The Murano's suspension setup consists of a four-wheel independent suspension setup with multilink rear suspension, cradle-type front subframe, and high-stiffness stabilizer bars. The Murano sits on standard 18-inch rolling stock, featuring stylish aluminum-alloy wheels. Braking is provided by four-wheel vented disc brakes with Brake Assist and Electronic Brake force Distribution (EBD).
The interior of the Murano is nearly as fresh and innovative as the exterior, and features a fairly spacious cabin with a fold-flat rear seat and a wide cargo area. There's seating for five people, with ample flexible luggage space, and a variety of storage systems, including a two-tier lockable center console storage box. An innovative instrument panel is also included in the interior design, and there is aluminum trim throughout the interior. The Murano has sculpted front and rear seats, and the rear seats recline with a remote flip-down function, resulting in a large flat luggage area. There are available adjustable throttle and brake pedals, with a 3-inch range of adjustability.
The Murano is available in SL and SE models, both in AWD or 2WD front-drive versions. The premium SL trim adds a number of items to the base SE package, including roof rails, adjustable pedals, Bose audio system, cargo cover and net, a leather package, HID headlights, driver-seat memory, and four-way adjustable power passenger's seat.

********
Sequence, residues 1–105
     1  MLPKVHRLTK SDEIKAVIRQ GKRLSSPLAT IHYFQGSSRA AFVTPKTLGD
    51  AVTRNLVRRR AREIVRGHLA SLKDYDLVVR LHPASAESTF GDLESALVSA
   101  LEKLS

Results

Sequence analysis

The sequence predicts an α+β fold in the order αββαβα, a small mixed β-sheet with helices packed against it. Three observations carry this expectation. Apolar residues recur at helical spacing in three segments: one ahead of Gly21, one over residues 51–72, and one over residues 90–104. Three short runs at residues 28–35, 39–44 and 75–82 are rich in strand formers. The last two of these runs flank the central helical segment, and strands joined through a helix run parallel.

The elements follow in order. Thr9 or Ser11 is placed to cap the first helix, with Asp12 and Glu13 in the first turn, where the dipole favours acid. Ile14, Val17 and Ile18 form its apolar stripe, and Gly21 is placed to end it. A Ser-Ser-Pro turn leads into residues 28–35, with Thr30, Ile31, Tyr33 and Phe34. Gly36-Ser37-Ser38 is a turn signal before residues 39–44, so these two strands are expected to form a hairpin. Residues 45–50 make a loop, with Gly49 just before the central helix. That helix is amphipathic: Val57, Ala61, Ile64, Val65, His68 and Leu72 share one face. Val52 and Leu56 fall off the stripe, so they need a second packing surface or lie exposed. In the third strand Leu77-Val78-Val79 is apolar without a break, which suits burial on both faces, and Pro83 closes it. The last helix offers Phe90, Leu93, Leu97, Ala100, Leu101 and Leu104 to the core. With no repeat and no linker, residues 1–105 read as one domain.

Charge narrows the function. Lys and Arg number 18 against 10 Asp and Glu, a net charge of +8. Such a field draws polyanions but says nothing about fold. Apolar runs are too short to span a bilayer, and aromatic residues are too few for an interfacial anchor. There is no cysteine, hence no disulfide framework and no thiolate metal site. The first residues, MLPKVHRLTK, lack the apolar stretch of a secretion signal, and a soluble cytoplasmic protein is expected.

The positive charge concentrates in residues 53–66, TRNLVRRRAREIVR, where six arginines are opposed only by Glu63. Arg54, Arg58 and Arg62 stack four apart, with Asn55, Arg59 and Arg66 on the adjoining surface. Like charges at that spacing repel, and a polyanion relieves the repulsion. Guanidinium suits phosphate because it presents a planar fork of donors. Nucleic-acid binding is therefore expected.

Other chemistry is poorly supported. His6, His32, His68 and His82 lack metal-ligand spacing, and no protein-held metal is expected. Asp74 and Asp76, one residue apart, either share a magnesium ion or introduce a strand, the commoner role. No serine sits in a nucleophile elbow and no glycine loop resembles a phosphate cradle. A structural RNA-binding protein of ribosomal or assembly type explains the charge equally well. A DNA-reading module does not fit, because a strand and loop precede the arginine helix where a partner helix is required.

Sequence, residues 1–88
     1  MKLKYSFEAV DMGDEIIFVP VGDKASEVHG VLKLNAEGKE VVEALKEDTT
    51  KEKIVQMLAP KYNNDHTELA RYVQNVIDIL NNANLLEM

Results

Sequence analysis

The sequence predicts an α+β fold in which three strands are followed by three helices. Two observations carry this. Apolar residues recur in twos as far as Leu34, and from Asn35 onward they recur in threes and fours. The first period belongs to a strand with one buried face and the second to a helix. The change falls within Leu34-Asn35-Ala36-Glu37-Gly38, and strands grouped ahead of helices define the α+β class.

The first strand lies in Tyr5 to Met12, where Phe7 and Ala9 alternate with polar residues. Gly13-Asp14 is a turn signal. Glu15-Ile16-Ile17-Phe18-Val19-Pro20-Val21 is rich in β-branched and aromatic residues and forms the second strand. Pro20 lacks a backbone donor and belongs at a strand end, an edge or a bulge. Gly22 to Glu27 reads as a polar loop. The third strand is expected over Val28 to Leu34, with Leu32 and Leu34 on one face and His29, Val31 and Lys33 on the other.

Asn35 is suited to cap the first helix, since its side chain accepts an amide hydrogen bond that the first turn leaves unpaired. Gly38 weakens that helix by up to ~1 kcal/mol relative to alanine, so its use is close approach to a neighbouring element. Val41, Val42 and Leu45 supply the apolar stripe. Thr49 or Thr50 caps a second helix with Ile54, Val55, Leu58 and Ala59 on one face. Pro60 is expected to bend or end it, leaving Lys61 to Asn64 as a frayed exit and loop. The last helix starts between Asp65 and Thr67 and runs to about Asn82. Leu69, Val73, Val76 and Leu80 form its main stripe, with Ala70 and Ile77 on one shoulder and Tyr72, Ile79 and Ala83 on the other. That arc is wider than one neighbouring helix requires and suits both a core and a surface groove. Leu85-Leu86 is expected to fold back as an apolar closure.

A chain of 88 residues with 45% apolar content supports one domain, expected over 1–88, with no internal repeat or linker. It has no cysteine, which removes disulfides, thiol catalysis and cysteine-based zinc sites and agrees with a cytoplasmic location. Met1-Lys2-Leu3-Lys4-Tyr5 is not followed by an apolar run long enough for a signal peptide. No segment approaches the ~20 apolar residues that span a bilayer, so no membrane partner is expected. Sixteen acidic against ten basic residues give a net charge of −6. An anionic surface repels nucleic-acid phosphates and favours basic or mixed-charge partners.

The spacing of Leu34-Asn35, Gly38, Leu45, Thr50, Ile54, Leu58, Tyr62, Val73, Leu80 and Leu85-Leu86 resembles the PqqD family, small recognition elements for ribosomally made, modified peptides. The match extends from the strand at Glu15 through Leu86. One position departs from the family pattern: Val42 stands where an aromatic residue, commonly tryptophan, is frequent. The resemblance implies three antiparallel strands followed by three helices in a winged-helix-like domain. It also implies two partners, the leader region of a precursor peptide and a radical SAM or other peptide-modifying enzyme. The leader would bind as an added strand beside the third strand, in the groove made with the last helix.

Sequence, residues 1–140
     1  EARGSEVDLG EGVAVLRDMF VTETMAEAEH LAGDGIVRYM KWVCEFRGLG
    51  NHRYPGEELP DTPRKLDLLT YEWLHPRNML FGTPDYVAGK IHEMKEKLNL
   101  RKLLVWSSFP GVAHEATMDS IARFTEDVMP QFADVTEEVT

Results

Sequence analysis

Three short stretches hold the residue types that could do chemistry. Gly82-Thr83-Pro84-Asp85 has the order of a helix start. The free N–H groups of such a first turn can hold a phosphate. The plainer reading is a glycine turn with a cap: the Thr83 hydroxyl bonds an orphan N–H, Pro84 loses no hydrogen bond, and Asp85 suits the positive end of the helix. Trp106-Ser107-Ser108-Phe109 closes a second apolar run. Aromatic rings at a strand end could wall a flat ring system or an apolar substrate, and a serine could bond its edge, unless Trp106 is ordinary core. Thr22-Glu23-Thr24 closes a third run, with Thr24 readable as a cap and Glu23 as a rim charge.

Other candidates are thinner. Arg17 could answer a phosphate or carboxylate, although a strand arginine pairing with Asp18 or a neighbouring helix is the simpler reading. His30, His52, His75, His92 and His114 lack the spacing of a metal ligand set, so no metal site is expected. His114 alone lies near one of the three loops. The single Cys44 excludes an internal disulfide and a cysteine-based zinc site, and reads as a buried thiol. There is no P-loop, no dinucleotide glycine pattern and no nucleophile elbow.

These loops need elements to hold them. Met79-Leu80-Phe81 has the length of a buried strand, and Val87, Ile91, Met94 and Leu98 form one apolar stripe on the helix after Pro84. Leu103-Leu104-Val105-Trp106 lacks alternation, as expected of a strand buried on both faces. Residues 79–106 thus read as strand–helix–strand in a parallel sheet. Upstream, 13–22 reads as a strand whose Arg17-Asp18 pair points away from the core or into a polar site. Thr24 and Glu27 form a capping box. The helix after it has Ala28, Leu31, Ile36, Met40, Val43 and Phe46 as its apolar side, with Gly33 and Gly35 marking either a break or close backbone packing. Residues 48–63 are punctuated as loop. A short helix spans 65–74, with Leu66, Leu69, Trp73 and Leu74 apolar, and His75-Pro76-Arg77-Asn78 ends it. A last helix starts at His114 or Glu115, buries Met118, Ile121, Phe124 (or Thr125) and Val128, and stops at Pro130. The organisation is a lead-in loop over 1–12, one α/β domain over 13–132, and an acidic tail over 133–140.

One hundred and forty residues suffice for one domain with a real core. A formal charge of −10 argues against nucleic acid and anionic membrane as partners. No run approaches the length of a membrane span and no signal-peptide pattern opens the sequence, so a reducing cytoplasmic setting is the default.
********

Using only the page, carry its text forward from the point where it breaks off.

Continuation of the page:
On the Road
During a weeklong testdrive of the Murano, we found one thing to be readily apparent -- this vehicle definitely draws attention. When the Murano arrived at our offices, we had just finished a testdrive of a HUMMER H2 and felt somewhat relieved that we would be getting into a less conspicuous vehicle (we were continuously stared at everywhere we traveled in the H2). We were wrong. The Murano received almost as much attention as the H2, although we suspected it came from a different crowd of enthusiasts. The Murano's outside styling cues are different from anything on the road, and like it or hate it, the vehicle certainly attracts attention.
Crossover SUVs are particularly hot at the moment, and it's easy to see why. These vehicles provide a sporty ride and ease of maneuverability, but with nearly all the features and capabilities of traditional SUVs. Weighing in at approximately 3,900 pounds, the Murano's power-to-weight ratio is fairly impressive, considering its 245hp powerplant. Add in its sportscar-like suspension and you have a quick and nimble vehicle that's certainly a joy to drive. Fuel mileage was also impressive, and we achieved nearly 19 mpg during our testing period.
Our SL AWD test mule offered comfortable and stylish leather seating, and the high-tech look of aluminum trim pieces, a progressively-styled dash and gauge cluster, and numerous interior amenities definitely impressed the senses. We particularly liked the fold-down feature on the second row of seats. By pulling two levers in the luggage area, the seats easily flipped forward on their own accord, providing a large flat luggage area -- one of the easiest conversions we have seen in an SUV.
The Murano is definitely not your standard breed of SUV, and why should it be? Progressive crossover vehicles are currently making a big move into the SUV market mainstream, and vehicles such as the Murano are sure to get the tide moving in the right direction.